Take Some of the Work Out of Creating Custom Dialogs

If you have created scripts having a custom dialog you know that the code can be quite involved. For instance, having to create a row, then a column, and then a user interface element can take up a few lines of code to say the least. You can eliminate some of the code and redundancy by having a few coding tricks up your sleeve. In this discussion we will look at a few:

Nest Tell Statements

Instead of:

   tell application "Adobe InDesign CC 2014"
      set dlgRef to make dialog with properties {name:"Test Dialog", can cancel:true, label:""}
      tell dlgRef
	    set mColumn to make dialog column
	    tell mColumn
		set mRow to make dialog row
	    end tell
	    tell mRow
		make static text with properties {static label:"Name:"}
		set nameField to make text editbox with properties {min width:200}
	    end tell --mRow
	end tell --dlgRef
	set userResponse to show dlgRef
        destroy dlgRef
   end tell

You can write:

   tell application "Adobe InDesign CC 2014"
      set dlgRef to make dialog with properties {name:"Test Dialog", can cancel:true, label:""}
      tell dlgRef
	 tell (make dialog column)
	    tell (make dialog row)
		make static text with properties {static label:"Name:"}
		set nameField to make text editbox with properties {min width:200, edit contents:""}
	    end tell
	 end tell
      end tell
      set userResponse to show dlgRef
      destroy dlgRef
    end tell

Test Dialog

Nesting tell statements in this manner results in a savings of 2 lines of code and having to create 2 additional variables. The only time a variable is created is when an object reference is needed later in the code.

Use Loops

If you have a number of fields that are similar, use a repeat loop to create the fields. To reference the field later in the code, create either a name or object reference as part of its make statement. The following illustrates using a list to hold a reference to the text fields.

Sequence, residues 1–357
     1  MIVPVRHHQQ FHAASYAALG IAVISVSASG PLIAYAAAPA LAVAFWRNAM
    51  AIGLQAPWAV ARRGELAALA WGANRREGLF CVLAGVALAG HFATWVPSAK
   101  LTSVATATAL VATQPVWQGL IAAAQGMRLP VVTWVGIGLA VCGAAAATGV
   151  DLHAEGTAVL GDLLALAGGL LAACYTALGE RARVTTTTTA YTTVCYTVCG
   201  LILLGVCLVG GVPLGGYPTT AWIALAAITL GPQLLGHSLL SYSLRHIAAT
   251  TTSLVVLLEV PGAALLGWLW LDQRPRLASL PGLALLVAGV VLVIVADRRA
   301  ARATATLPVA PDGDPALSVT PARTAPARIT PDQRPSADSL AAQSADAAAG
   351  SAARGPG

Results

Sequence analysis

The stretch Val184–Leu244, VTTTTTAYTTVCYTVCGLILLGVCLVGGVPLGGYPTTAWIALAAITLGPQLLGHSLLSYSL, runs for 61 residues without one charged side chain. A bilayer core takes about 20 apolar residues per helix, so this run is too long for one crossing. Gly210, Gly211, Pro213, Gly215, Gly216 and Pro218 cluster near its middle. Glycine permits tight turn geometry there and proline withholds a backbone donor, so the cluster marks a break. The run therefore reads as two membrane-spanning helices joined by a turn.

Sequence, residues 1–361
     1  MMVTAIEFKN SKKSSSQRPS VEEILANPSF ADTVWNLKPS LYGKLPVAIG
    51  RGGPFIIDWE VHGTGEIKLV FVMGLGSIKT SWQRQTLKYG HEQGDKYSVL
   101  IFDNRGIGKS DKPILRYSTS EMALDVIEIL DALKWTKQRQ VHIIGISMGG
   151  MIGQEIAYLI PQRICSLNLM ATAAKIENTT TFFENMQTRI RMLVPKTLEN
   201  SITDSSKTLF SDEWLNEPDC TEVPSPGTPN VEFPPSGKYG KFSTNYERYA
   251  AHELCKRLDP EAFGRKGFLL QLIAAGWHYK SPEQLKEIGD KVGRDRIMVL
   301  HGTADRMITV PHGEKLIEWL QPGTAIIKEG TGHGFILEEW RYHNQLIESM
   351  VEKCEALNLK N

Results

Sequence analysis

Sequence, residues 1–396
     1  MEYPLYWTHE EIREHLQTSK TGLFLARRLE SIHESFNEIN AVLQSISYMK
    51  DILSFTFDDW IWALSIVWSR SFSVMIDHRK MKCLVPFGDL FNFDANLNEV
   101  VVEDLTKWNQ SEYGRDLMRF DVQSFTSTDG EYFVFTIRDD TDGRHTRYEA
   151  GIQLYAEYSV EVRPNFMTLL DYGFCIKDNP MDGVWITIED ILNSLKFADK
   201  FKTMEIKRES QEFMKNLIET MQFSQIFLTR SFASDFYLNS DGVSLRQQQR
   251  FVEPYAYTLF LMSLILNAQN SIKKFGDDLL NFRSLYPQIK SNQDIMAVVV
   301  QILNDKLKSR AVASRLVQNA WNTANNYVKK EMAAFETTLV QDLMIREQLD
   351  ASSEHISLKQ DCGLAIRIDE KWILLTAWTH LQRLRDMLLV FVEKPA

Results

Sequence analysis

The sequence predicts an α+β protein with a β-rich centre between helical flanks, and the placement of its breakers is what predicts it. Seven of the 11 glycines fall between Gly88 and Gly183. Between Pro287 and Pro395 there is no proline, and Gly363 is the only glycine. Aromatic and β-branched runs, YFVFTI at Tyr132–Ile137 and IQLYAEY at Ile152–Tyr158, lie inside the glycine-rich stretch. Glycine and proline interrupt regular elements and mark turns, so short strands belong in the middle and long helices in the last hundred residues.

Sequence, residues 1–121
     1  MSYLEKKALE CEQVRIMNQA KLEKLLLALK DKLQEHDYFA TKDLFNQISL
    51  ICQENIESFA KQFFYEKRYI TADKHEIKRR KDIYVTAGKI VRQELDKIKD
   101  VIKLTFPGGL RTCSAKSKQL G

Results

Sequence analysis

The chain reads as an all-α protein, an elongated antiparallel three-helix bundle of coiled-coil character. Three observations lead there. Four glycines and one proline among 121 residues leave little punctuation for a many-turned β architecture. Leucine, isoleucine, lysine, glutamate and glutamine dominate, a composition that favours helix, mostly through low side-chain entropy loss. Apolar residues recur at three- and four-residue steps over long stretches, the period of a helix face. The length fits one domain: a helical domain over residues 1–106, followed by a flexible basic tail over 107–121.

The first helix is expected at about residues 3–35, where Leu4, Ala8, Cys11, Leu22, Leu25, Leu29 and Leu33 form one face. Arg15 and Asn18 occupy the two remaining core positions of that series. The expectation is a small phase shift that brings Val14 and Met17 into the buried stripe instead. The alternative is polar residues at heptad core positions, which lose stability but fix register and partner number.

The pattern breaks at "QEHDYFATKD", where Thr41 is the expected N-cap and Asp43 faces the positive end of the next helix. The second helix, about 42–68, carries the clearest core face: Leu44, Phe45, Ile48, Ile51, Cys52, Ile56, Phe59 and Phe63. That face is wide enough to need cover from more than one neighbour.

set textFields to {} --list to hold object references
   set fieldList to {"First Name:", "Last Name", "Address:", "Address 2:", "City:", "Zip Code:"}
   tell application "Adobe InDesign CC 2014"
      set dlgRef to make dialog with properties {name:"Test Dialog", can cancel:true, label:""}
      tell dlgRef
	 tell (make dialog column)
	    tell (make dialog row)
		set col1 to make dialog column
		set col2 to make dialog column
	    end tell
	    repeat with i from 1 to length of fieldList
		tell col1
		   make static text with properties {static label:(item i of fieldList)}
		end tell
		tell col2
		   set end of textFields to make text editbox with properties {min width:200, edit contents:""}
		end tell
            end repeat
	 end tell --dialog column
      end tell --dlgRef
      set userResponse to show dlgRef
   destroy dlgRef
end tell 

Writing just this much code will allow you to test and see how your interface will look before you start adding all of the rest.

In running the code above, if the result of the variable userResponse is true the values can be returned using a similar loop construct. Add the following in place of the last two statements in the code above, and test filling in the text fields, and clicking OK.

      if userResponse is true then
         set stringValues to {}
         repeat with eachItem in textFields
            set end of stringValues to edit contents of eachItem
         end repeat
      end if
      destroy dlgRef
   end tell
   stringValues

If you attempted to test the code above and got an error instead of a dialog, the problem may be that script preferences need to be set. To finish off the custom dialog you need to make sure the user interaction level for script preferences is set to interact with all. As with other application preferences, the good neighbor policy is to place values for existing preferences in a variable before changing, then restoring the original value when you are through.